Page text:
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If the function is:

void foo(struct* bar)
{
}

And

struct foobar;

Is a single instance of struct, will the call

foo(foobar);

Be treated as if it were a pointer to a one member array? Will the call be legal or does it require an overload?

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1  
That shouldn't compile a) because you used the struct keyword as a class name, and b) because you're missing an ampersand (&) in your call, or put in an extra asterisk into your function parameter list (presumably the former based on your question). – chris May 26 '12 at 3:25
up vote 4 down vote accepted

Is a single instance of struct, will the call foo(foobar); Be treated as if it were a pointer to a one member array? Will the call be legal or does it require an overload?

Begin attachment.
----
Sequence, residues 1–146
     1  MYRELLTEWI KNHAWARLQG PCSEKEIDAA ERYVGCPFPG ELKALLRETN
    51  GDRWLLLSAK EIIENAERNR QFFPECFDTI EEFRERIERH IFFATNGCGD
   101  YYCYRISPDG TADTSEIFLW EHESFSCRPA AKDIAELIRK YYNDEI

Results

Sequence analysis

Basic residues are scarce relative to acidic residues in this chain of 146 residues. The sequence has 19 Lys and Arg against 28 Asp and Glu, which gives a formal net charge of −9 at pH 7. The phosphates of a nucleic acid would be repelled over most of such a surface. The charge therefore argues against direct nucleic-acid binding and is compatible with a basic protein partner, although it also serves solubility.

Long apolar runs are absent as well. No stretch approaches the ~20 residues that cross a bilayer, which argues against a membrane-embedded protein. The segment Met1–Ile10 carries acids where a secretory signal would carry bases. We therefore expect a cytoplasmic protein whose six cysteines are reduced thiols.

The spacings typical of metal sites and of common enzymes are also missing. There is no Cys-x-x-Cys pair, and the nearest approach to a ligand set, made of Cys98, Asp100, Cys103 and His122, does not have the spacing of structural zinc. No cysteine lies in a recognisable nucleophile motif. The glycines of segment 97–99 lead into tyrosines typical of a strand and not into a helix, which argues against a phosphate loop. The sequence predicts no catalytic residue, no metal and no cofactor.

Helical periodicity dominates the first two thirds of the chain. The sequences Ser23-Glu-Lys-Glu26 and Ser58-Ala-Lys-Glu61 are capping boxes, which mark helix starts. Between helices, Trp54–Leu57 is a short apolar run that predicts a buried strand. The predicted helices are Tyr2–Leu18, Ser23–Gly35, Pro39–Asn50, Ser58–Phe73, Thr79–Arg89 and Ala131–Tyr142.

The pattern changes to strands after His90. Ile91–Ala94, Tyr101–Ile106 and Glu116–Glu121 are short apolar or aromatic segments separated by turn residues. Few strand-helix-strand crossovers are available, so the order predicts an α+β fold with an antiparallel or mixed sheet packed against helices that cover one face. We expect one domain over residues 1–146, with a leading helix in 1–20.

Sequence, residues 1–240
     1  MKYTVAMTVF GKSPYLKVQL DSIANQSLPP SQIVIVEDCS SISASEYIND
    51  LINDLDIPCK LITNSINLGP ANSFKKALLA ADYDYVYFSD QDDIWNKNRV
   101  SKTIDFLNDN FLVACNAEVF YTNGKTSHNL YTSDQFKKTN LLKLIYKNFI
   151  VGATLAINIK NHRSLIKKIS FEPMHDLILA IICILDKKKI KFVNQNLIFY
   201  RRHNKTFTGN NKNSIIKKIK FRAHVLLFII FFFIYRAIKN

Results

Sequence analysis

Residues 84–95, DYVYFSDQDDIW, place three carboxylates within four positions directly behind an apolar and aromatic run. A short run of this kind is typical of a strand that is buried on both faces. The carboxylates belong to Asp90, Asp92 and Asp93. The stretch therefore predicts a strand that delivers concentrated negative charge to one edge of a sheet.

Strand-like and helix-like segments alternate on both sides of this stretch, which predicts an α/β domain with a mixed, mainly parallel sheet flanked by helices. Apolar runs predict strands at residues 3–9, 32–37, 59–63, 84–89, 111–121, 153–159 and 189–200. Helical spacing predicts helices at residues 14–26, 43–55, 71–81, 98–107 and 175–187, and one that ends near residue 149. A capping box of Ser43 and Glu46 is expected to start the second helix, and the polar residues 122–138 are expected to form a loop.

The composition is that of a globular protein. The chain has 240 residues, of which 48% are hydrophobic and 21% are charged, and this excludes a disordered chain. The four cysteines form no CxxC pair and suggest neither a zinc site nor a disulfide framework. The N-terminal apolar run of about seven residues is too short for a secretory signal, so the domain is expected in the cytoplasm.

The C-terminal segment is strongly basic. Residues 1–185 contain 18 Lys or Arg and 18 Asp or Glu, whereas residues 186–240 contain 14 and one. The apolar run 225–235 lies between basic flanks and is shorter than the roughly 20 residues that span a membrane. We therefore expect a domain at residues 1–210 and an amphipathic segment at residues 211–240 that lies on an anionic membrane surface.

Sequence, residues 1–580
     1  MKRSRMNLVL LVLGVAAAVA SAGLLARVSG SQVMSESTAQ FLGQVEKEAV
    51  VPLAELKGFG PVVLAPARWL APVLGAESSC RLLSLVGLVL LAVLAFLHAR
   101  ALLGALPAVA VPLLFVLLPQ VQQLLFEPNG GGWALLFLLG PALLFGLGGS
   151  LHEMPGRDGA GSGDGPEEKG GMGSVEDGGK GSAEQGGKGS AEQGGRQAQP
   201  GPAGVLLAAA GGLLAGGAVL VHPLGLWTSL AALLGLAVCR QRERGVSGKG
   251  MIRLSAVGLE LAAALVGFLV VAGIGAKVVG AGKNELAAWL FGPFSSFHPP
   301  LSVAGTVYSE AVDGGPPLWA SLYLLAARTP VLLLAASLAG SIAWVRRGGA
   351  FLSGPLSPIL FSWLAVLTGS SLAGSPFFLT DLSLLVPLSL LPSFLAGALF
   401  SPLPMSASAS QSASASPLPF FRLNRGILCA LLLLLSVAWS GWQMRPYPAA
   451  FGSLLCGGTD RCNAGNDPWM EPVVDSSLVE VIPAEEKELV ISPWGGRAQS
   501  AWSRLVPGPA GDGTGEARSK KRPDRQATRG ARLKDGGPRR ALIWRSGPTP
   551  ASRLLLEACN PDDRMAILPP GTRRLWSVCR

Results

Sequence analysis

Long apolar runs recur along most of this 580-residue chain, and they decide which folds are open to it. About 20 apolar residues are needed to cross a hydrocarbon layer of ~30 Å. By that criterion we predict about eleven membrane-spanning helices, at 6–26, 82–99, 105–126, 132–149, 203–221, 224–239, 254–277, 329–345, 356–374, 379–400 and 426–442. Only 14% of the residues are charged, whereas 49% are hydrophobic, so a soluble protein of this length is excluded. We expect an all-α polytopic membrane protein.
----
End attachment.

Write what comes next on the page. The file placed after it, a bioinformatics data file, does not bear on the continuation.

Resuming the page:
No, it will not. The call is not legal, and an overload could make the call work.

If a function needs a pointer to a struct, then you have to give it a pointer to a struct. Arrays are special since they decay to a pointer to the first element.

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